"Working on a film is the same as when I played softball when I was younger: I learned all the positions, learned infield and outfield, everything, then found the one where I was strongest, the one you'll predominantly play.
"In terms of filmmaking I'm still a baby, I'm still learning everything, definitely. My first feature, I think, was OUT FOR JUSTICE with Steven Seagal, in 1990. It was just one scene, but I was just happy to be on set for two weeks, to pay for my SAG card, which I couldn't have afforded.
"To be in a major budget film and meet everyone and see everything that was going on, it's a learning experience. As with most small roles, most of it ended up on the floor of the editing room."
Prior to doing UNDERCOVER COP, Massey says, she had never even heard the term "erotic thriller" and wasn't sure what she was in for: "I had been playing characters that were sweet, innocent, naive, the cheerleader, the girl-next-door.
"Nudity was something that had never even entered in as far as auditions or anything, because I was playing much younger parts, and that was something that was expected of a leading lady.
"I was actually in an agency and always complaining 'I want to go out as a leading lady; I'm tired of talking with my voice much higher, and putting little pigtails in my hair, blah blah blah' - and they kept saying, no, no, you're an ingenue and it's best you play as young as possible until you get older.
"But I was getting so frustrated spending all day with fourteen year olds, and I was so determined to be seen as a woman, so I was bringing pictures of me in sexy dresses, and saying 'Look, I have a woman's body, and a woman's voice - send me out on auditions as a woman.'
"So when I changed agencies - this is probably my fault - but I made sure when I first walked into the new agency I was wearing the shortest skirt I could get, the lowest top, and I was ballsy and strong. Then I was constantly going out as the seductress, the mistress, the sex kitten and I went 'Oh, no, what did I do?' I went from one extreme to the next. Now, I'm trying to do a variety of roles to avoid being stereotyped."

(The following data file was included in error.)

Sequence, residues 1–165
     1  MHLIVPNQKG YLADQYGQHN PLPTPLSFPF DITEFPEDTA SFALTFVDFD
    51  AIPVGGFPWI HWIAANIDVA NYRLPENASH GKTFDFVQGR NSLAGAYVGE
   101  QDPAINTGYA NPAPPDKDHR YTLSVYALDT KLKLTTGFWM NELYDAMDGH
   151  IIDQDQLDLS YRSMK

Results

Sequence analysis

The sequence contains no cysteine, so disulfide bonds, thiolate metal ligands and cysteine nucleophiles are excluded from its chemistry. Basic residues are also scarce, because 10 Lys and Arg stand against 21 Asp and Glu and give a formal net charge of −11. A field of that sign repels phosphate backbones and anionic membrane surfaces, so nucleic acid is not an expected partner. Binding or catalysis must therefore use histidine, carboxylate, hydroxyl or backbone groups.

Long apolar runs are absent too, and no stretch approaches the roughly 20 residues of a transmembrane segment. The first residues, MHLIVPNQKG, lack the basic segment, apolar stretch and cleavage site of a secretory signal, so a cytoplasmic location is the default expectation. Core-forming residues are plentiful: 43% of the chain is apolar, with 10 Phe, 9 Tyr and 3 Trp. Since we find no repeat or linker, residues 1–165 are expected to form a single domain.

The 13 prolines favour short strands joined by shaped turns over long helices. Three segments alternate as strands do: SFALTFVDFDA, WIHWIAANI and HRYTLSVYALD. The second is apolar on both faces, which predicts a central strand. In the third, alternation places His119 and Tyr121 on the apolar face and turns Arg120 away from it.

But, Massey did find doing UNDERCOVER COP a valuable experience: "I learned what an erotic thriller meant," she says, "I learned all the things that looked horrible in a love scene, I learned there are a lot more questions I should definitely ask prior to committing to a project.
"Since then, I have been offered several erotic thrillers which I passed on. That's not the direction I want to go in. Had I known everything that I know now, I most likely would not have done it. I think it's more difficult for a woman than a man to do a film like that and not get stereotyped.
"I love roles where the woman is strong, where she's independent, and I don't have any problem with nudity, to me it's beautiful - we're born that way - when it's shot beautifully and tastefully. But one person's interpretation of beautiful can be totally different than someone else's.
"I thought SLIVER and 9 1/2 WEEKS were sexy and erotic, and I would have done either of those films. I think it's harder within a lower budget film for it to be as beautiful, because you're up against time restraints, budget restraints, so many things that affect the quality when you don't have the money."